I’ve got a hideous 6-foot retaining wall running along the entire front of my property. This things needs greenery on it, stat!
The area between the house and the retaining wall is very narrow—about three feet. My husband, understandably, would prefer not to have plants taking up any of the limited lawn space, so I don’t want to plant anything to cascade over the wall.
So, vines creeping up is the answer! Problem is, the retaining wall butts up right against the road—so there’s no dirt for me to plant at the bottom and have greenery creep “up.”
I know that plant life can exist in between the blocks of the wall—I’m occasionally pulling weeds. Plus, scant, yet tenacious, shoots of ragweed shoot up occasionally between the wall and the road.
I believe there is gravel between each block, and a bit of soil perhaps. Can anything grow in these rocky spaces without out much nutritional soil?
I was hoping to grow Vinca Minor, but I’m unsure if that will work.
PS I've attached a picture so you can get an idea. The picture cuts off the 'wall meets road' portion, but know that I took the picture while standing on the road--so you get the idea!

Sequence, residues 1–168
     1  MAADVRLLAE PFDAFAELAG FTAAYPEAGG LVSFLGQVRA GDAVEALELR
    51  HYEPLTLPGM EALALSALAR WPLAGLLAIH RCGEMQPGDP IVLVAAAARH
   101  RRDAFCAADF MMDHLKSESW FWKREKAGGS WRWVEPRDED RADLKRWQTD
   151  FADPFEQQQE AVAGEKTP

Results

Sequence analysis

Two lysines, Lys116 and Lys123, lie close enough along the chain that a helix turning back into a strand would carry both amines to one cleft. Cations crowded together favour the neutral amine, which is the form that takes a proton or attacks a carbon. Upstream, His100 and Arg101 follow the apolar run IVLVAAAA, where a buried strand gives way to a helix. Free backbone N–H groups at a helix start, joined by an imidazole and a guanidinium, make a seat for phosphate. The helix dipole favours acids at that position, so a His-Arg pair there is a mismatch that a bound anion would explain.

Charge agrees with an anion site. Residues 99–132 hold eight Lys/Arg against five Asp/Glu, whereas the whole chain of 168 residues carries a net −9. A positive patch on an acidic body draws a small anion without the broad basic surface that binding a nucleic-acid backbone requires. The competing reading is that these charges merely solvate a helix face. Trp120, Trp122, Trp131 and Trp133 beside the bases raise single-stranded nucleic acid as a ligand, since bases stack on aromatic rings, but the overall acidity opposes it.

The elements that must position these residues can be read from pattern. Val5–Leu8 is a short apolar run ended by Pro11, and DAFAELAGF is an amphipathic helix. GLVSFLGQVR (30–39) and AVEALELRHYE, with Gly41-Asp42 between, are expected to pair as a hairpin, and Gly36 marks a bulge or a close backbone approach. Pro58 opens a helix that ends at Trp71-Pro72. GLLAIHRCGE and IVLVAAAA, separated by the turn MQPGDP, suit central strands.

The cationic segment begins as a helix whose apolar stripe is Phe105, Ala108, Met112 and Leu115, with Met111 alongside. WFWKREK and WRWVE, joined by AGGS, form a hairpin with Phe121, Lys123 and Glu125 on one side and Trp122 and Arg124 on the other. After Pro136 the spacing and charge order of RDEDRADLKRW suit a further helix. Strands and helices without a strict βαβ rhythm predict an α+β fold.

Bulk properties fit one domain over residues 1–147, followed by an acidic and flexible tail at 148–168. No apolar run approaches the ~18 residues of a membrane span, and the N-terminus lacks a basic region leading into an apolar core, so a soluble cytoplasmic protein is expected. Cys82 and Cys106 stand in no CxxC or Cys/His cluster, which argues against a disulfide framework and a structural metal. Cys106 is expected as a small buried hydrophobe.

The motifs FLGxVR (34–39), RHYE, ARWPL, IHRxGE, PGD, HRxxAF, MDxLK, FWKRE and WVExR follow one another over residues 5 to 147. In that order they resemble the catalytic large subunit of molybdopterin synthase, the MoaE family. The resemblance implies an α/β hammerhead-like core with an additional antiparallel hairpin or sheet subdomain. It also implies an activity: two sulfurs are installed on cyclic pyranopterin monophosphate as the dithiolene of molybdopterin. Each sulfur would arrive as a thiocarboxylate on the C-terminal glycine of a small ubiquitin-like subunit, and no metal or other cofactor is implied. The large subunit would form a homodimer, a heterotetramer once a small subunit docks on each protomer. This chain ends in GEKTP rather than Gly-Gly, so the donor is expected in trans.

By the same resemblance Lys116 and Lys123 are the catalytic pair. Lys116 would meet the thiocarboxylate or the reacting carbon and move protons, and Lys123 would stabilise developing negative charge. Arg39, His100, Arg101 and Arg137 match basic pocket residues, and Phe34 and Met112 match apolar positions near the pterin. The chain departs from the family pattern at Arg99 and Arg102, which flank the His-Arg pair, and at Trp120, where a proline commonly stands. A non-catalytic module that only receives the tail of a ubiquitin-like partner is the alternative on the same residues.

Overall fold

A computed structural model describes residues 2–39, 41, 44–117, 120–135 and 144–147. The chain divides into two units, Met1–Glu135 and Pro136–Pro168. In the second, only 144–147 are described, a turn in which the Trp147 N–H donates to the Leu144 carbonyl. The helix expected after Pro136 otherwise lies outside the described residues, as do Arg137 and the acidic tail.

Perennial Vine for Retaining Wall
I've seen climbing hydrangea used to help cover a retaining wall. Bonus is that you'll get flowers. But I'm not sure how much dryness it can take.
I think climbing hydrangeas are very tough once they get going. This one was totally neglected for decades-- see the Azalea it swamped still bravely blooming? I was thinking maybe you could plant it in a far corner of the yard, only using a little piece of the lawn, and train it down and across the wall. That way it would have a decent home for its roots, but in my experience it can cover a lot of territory.
Wisteria could work the same way.
Wonder if you could plant one at either end of the wall - the vines could cover it in half the time. Even in my shade here, the foliage can get quite dense and it does grow rather quickly. Unfortunately, due to my shade, it's never bloomed but the leaves look nice all growing season.
Oh! I didn't even know that there was a type of hydrangea that could climb! Thanks for the tip!
Also, Pfg, I didn't even think of planting something in a corner and training it. Brilliant! I think I'll go research even more options of aggressive (but, hopefully) pretty vines!
There's also Silver Lace, not as dense, but just as tough... Maybe even a Jackmanii clematis?